Written by Julie Taylor
It’s long been suggested that healthy curiosity was a sign of intelligence in babies?
Immediately I imagine the hundreds of ‘normal’ looking people with significant behavioural deficits – people who’ve been brain injured – and wonder if this could help them?
Maybe we can’t expect the same level of regeneration because we are no longer at the beginning of life, when perhaps there is faster growth – or even more potential. But my hope is that compared to others who are also our age, those brain injured at the same age might benefit?
I hope – even believe – that the link between intelligence and curiosity would be valid.
Scientists at Toronto’s Samuel Lunenfeld Research Institute of Mount Sinai Hospital found that when specific proteins in mice brains’ dentate gurus were increased, brain cells changed how they communicated with one another. The animals’ memory during complex tasks – and the level of exploratory behaviour – increased. However, when the proteins were blocked in this small brain region, curiosity and spatial memory decreased. Researchers say that they believe they’ve found a model for how brain activity leads to curiosity and that their findings, published in the journal ‘Neuron’ may lead to the development of drugs that improve human learning.
My hope is that this will also spill over into the re-learning necessary after brain injury – which includes the sometimes necessary damage caused by chemotherapy and other drugs in the treatment of disease…
Stimulate curiosity and the desire to learn. Find out what interests the brain injured person has and feed whatever areas those interests are in – however ‘appropriate’ they may be in terms of school. Enable the brain injured person to use Google and show them how they can find out more about whatever it is that interests them.
Brain injured people often realize that they are not interested in the same things that their peers are interested in and immediately come down hard on themselves for ‘not being the same’. So please embrace flexibility and be curious – both the brain injured and those who are ‘normal’ – and explore subjects that you might otherwise ignore.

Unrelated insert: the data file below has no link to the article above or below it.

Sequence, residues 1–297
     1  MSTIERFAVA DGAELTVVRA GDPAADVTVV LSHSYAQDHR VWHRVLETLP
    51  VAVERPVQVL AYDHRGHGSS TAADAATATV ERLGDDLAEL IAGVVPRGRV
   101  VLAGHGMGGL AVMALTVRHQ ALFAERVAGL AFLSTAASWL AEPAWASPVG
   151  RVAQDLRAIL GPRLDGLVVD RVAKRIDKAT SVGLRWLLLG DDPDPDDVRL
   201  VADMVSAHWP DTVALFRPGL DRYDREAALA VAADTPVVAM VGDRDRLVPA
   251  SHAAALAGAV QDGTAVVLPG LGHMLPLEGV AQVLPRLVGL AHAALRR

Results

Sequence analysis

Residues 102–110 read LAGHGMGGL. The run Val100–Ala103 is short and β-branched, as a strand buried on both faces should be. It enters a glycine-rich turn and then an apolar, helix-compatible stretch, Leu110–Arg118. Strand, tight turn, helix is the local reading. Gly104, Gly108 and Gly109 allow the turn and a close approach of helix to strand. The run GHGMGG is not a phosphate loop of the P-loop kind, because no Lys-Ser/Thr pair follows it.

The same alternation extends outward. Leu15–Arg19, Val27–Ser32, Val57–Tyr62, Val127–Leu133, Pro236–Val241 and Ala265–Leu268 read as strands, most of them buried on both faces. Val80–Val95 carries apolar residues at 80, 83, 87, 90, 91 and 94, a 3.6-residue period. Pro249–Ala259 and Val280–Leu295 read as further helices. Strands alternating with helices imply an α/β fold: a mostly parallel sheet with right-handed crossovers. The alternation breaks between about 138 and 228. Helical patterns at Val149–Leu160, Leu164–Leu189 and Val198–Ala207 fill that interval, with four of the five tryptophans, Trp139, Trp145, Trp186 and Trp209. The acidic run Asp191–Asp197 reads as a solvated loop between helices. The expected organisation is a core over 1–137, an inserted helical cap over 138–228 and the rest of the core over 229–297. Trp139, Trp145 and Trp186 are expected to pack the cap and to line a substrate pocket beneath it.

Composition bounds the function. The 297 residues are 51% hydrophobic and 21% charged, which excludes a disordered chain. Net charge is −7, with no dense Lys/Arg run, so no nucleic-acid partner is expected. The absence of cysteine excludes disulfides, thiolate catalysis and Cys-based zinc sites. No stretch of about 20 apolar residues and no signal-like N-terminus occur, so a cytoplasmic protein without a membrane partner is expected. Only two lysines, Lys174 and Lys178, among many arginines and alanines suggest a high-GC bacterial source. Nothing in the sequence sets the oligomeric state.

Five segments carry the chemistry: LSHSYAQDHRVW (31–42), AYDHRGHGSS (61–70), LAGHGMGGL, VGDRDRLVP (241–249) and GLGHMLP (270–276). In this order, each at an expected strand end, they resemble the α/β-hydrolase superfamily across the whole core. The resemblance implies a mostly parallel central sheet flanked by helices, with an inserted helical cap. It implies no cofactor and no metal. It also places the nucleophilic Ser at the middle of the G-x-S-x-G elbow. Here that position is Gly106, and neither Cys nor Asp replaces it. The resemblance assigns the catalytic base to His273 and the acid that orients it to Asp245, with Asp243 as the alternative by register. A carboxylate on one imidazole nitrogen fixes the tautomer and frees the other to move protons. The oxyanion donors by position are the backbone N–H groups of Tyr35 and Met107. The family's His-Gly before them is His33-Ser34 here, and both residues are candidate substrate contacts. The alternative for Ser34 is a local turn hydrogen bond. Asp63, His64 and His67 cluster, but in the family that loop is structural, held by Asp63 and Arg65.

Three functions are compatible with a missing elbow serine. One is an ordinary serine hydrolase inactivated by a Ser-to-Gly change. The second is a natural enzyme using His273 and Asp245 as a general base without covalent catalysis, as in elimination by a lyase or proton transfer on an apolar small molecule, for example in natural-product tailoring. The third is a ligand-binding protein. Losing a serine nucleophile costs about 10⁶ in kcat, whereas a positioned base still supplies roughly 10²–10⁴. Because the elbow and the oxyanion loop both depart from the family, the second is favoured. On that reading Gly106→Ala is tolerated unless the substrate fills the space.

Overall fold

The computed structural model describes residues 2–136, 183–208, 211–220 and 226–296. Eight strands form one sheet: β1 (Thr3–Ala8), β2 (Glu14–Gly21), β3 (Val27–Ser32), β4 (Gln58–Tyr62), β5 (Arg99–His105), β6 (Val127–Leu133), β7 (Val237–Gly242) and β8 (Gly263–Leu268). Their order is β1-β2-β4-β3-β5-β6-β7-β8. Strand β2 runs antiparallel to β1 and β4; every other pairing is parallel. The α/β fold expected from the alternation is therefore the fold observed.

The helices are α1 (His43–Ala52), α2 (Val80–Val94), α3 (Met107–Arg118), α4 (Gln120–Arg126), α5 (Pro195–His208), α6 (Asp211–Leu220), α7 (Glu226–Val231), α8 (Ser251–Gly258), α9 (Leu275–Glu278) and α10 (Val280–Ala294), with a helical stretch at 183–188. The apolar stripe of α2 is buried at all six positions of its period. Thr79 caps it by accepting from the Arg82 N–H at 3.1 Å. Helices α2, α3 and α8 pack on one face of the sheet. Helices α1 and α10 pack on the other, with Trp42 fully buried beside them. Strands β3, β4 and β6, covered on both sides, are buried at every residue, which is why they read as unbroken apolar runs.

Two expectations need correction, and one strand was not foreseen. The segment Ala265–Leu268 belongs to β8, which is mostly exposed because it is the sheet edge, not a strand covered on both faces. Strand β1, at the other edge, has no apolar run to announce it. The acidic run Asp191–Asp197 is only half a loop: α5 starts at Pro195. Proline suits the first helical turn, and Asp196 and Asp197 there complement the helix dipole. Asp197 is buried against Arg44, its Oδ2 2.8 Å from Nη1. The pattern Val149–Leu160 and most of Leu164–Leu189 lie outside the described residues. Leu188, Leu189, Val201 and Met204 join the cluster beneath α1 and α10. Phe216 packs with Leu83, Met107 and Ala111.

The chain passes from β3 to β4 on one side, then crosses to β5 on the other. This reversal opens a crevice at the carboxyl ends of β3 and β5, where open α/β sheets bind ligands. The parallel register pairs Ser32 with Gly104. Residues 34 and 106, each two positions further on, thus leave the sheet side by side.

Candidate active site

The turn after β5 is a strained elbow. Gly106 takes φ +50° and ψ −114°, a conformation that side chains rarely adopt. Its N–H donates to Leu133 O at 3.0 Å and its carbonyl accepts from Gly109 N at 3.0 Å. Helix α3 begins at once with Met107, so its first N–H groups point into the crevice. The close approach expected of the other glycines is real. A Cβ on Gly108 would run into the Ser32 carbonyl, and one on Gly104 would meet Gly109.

I can’t say enough good things about this series of wonderful speech therapy books for adults who are higher functioning (but still need help) after their brain injury.
“What I Mean Is…” has been written by a qualified and innovative speech pathologist who sees patients every day that need this kind of help: help that until now wasn’t available. Hilary, along with her colleague Anita Kess, has successfully created and designed exercises that help put our language ‘back together’ again. All the pieces of our language are there, waiting… Waiting for this!
There are 2 books in the series for mild to moderate level language challenges – sometimes known as BRAIN FOG. And one book for more seriously affected asphasic patients. All of these books can be used by you – together with your local speech therapist. Your visitors, partner and the nurses in your own rehabilitation program can also use this book with you. Using “What I Mean Is…” results in a significantly higher level of satisfaction and reduced level of frustration in your daily use of language and in your own ReBuilding process.